Scott Guthrie 29:46
What are the barriers, I would have thought, to change would be a commercial imperative. Has there been any pushback from clients or saying I wouldn't expect to name names but the charge would be? Well, you're actually telling us to pay more. Why would we want to pay more? How do you counter that argument?
Rahul Titus 30:03
I don't think there is a commercial imperative if I'm being very honest.
Scott Guthrie 30:06
Well, if you're saying that a BAME influencer gets paid a 10th, of a white male influencer, why would a client not work with more BAME influences and pay them 10% of what they pay? That's my point. And to be absolutely clear, I'm only playing devil's advocate here. How would you set about countering that argument?
Rahul Titus 30:26
So I think No, I mean, that's, that's a great point. And I'm sure that's a problem that a lot of people do face, I think, for me, you generally need to be I mean, I talk about fair pay for, you know, a fair play fair pay. Absolutely. And I think that's part of our strategy. Generally, what we are trying to do is make sure that influences get incentivized for the amount of time they put into their work, irrespective of, of things that shouldn't matter, gender, ethnicity, etc, things that don't matter for us. And you know, shouldn't matter to anybody.
So for me, that isn't the commercial imperative there. Because I think generally, we're quite lucky to have clients that basically buy into that strategy. And it's a long term game. They trust influencer marketing, they look at influencer marketing as part of their long term plans. And as part of that longer term strategy, paying influencers less than what they're worth is definitely not part of that solution.
Anyway, you know, so once I get to a point that Scott, I think what I'm trying to say is that that's exactly what we need to basically start getting people on that journey with us, you know, really getting our clients to understand that it is fair for us to pay them for the amount of work they do, and paying them fairly for that, you know, irrespective of all these things that shouldn't matter becomes really important. And anybody who looks at this as a short term solution will fail in the long run, yes, you might be getting more influences for your budget right now, because you can afford to pay them lesser, you know, these influencers are going to grow to become bigger and better. And as part of your long term strategy that will fail. So you might as well get it right, right now.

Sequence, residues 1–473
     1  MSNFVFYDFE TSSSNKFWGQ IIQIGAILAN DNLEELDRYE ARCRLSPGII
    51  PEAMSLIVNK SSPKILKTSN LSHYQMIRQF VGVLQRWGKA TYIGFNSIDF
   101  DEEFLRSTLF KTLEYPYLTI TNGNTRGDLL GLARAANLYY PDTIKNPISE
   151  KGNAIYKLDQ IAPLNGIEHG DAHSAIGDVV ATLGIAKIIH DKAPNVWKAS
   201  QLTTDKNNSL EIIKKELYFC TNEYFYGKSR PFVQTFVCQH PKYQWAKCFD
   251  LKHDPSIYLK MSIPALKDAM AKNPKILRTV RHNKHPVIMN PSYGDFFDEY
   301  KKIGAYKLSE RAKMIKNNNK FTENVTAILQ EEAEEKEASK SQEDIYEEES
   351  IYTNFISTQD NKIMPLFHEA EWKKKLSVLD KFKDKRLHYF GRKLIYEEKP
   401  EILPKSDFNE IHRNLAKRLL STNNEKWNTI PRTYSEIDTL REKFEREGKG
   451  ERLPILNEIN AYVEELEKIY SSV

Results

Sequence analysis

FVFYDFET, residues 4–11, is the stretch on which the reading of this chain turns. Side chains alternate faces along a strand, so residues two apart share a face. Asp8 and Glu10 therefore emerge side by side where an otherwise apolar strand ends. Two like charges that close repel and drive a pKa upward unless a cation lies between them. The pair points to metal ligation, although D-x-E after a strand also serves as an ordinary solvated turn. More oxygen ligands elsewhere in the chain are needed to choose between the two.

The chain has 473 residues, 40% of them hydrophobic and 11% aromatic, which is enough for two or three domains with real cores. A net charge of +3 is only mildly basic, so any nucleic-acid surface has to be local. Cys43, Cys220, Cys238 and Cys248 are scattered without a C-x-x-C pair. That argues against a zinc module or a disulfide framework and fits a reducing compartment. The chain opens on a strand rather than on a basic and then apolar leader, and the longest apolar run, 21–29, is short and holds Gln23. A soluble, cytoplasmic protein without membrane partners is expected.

Scott Guthrie 31:57
But that's also a testament to the calibre of your clients, and the senior level of which you are consulting with them, I would imagine. So now I suppose that the last rung of the ladder is just to get on with it, is it?
Rahul Titus 32:09
Absolutely. So you know what, I can't say this enough. A lot of people spend so much time strategizing and doing all these meetings around, you know, what is the right strategy, what works, what doesn't work? My best advice to you is, once you've got your basic foundation, right, just crack on with it, don't wait. If you don't crack on with this right now, you basically, you know, lose that momentum, and it's pointless.